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Bulgarians split in two on May 9 celebration

Photo: BGNES

May 9 has once again ruffled some political feathers in Bulgaria by reminding that even after 25 years of transition the society still remains split in two, regarding certain issues. The parliament condemned any form of xenophobia, extremism, neo-fascism and violence in a declaration due to the 70th anniversary since the capitulation of Nazi Germany and on the occasion of Europe Day – May 9, calling on for refraining from any actions, leading to new red lines in Europe. The demands of the socialists for recognition of the resistance against fascism in this country and the leading role of the USSR in the defeat of Nazi Germany were not adopted within the debates. The rightist forces supported the declaration, taking it as a step towards a common reading of the heaviest moments in the history, the lack of which has been a burden to the society for a long time. There isn’t an international agreement on the problematic date May 9 as well and the governing majority has this time taken an unprecedented and firm stance, as far as the contradictions around it are concerned. President Plevneliev declined the invitation to take part in the May 9 celebrations in Moscow, opting for the conference for the 70th anniversary since the end of WWII, organized in Poland. Asked for a comment on whether that participation isn’t something as a counter-event to the Moscow-held one, the head of state underlined that Europe Day didn’t contradict the commemoration of the memory and lessons from WWII. That is exactly why, he pointed out, the European flag will be raised high in Bulgaria on May 9, but also 23 urns will be laid from all the bloody battles with Bulgarian participation during WWII. The painful reactions to the declaration by certain political forces however come to show that no matter the time passed, the issue remains a problematic one, dividing the society. But how long for?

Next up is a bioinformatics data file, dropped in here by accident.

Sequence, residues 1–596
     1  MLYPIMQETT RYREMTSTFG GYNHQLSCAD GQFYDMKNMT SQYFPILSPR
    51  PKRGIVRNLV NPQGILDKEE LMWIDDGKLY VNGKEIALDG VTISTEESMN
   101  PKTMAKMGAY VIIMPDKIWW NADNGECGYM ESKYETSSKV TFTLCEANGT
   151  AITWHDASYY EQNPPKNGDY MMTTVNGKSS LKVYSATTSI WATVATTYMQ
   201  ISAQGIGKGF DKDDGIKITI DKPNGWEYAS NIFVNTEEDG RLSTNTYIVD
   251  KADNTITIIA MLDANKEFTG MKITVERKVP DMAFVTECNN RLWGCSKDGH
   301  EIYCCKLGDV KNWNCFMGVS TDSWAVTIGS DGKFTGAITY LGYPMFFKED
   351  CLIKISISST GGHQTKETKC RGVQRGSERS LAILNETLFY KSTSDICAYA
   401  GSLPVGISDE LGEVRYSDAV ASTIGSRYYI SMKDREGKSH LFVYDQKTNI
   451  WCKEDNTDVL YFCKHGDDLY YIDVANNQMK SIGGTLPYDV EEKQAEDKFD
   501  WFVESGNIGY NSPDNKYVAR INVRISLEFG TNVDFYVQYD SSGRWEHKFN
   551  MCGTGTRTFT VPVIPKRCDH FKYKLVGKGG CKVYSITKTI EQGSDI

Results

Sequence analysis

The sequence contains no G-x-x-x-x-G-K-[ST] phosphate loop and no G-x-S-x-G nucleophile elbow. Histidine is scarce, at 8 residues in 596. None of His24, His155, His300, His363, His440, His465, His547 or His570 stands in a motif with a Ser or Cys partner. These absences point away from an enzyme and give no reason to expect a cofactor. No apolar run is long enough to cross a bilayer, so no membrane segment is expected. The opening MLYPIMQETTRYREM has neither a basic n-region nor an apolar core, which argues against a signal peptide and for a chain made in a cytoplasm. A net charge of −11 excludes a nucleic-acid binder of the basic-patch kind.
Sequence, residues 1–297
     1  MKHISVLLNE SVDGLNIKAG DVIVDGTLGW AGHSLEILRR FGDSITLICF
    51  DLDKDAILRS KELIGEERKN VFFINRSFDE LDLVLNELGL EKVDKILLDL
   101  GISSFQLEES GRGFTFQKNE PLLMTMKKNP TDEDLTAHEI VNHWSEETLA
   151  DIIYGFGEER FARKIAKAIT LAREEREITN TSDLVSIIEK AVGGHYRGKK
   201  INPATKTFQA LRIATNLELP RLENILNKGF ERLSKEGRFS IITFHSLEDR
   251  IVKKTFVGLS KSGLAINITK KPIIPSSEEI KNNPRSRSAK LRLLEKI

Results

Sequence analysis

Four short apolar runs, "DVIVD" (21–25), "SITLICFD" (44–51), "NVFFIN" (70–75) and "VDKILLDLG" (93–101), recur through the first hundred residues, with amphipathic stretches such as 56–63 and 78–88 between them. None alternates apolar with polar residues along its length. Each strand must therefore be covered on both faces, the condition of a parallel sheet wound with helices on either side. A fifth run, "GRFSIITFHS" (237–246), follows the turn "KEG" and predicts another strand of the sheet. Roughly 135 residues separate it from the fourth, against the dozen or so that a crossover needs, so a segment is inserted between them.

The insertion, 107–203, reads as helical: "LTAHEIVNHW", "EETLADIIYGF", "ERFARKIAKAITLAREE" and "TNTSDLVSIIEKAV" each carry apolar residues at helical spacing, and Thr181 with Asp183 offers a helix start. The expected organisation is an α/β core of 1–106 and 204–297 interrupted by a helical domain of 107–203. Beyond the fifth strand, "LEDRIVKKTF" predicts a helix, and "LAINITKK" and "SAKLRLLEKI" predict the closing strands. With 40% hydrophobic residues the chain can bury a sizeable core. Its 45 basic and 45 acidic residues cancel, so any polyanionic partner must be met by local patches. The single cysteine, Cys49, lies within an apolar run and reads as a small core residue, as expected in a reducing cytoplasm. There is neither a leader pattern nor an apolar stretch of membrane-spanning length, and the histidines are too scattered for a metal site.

English version: Zhivko Stanchev

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